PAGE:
Asked December 15, 2012, 2:16 PM EST

Do all viruses go through the lytic cycle? Can all viruses be called phages? My AP Biology teacher says it is so, but I read in our textbook "AP Edition Biology Seventh Edition" by Campbell/Reece on page 336 "The most complex capsids are found among viruses that infect bacteria, called bacteriophages, or simply phages." And then, on page 337 under "Reproductive Cycles of Phages", "Phages are the best understood of all viruses, although some of them are also among the most complex. Research on phages led to the discovery that some double-stranded DNA viruses can reproduce by two altenative mechanisms: the lytic cycle and the lysogenic cycle."

2 Responses

To answer your questions, yes all viruses will eventually go through the lytic phase. When they enter the cells genome they can either go lysogenic or lytic. Eventually the lysogenic virus will go lytic, this could be days, weeks, months and in some cases years. Think of the commercial on TV for the shingles vaccine. In it they mention how even if you have had chicken pox you can still get shingles. They say this for two reasons - one is that your body should have immunity to it, though that isnt always the case. The other is that the virus can be dormant (lysogenic) in the body and can become lytic.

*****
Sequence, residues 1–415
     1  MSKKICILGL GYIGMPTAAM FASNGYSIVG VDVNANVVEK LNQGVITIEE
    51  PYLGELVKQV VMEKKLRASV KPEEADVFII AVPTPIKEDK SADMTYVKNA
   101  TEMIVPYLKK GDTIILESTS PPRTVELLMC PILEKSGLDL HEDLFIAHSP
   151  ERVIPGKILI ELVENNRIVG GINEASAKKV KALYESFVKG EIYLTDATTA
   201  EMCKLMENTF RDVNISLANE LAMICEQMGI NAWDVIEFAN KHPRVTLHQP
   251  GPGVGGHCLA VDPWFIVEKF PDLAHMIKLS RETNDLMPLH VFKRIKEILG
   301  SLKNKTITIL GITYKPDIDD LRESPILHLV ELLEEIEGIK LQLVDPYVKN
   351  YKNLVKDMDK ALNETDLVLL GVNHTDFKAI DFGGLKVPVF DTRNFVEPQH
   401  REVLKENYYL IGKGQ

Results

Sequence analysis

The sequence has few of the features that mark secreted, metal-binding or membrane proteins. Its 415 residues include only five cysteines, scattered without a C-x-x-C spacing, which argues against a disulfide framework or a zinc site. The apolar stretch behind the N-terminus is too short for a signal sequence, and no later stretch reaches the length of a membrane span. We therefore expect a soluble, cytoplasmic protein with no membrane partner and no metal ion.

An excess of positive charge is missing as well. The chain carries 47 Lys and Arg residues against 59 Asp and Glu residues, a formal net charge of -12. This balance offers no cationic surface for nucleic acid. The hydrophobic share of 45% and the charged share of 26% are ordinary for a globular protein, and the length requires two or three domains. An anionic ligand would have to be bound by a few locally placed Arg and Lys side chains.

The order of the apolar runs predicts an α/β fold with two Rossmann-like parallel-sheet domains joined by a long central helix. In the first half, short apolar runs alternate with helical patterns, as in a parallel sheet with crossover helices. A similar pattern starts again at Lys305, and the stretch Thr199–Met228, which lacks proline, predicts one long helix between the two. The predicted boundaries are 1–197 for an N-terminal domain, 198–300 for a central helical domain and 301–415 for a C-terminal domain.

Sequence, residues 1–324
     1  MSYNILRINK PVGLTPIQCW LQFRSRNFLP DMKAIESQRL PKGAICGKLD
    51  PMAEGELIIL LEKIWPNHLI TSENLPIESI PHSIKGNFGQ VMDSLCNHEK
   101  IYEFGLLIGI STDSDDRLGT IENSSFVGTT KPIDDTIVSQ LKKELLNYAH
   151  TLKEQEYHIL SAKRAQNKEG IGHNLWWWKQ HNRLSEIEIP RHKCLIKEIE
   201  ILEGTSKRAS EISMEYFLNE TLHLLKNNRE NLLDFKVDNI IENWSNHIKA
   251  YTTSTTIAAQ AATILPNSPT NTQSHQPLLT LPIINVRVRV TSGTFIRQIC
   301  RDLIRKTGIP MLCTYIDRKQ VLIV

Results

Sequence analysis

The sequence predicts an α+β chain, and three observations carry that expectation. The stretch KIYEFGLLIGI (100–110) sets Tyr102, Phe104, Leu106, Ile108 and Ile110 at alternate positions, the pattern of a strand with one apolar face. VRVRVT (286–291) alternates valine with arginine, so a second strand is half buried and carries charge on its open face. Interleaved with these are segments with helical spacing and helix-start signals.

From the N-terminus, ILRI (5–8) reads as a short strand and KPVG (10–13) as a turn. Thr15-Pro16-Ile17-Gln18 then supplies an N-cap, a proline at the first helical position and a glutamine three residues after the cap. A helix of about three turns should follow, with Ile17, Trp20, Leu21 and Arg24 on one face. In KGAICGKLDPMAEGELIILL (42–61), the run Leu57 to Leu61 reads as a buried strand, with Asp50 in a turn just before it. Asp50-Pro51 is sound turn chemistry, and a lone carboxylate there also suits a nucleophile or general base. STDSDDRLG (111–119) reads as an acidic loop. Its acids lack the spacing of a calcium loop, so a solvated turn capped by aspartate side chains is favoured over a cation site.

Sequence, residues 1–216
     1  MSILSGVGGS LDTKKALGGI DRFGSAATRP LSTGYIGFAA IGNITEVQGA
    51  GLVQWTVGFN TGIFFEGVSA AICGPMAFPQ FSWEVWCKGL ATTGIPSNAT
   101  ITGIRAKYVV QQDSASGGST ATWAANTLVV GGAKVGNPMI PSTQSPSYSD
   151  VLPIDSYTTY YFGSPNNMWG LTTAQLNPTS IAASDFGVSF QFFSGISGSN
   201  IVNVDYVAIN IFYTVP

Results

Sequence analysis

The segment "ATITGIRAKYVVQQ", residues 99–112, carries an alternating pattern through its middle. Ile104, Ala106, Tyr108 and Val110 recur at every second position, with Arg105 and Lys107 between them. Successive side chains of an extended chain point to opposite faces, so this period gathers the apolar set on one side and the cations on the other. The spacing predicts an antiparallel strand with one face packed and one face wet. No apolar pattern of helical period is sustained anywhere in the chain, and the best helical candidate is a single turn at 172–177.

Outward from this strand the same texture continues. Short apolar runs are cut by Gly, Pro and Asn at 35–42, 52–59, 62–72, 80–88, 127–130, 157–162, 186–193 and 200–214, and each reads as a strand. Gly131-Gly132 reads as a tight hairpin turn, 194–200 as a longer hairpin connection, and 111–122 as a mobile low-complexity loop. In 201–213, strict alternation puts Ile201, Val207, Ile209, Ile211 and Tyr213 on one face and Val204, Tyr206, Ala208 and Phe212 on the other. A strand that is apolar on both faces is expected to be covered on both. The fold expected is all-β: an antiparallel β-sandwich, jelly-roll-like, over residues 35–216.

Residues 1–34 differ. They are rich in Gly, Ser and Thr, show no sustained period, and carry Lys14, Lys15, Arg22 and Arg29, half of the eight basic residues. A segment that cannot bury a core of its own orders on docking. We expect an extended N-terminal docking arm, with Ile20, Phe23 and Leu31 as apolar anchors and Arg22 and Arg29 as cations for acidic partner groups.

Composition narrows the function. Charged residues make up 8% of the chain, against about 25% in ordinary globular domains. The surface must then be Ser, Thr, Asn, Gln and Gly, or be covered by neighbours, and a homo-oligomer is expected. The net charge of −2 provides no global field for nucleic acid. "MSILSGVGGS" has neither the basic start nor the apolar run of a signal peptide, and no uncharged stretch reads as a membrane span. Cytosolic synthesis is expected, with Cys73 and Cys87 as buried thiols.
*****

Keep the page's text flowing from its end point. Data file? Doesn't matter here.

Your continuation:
Now can all viruses be phages...the short answer is no. Phages are viruses that infect bacteria only. One other thing I might add is that viruses are receptor specific, meaning that if the cell surface lacks the receptor they cannot be infected. Receptors on bacteria (prokaryotes) are much different then those on other cells (eukaryotes). That is why viruses that infect bacteria (phages) do not cause disease in people (virus).

Hope this helps

Thank you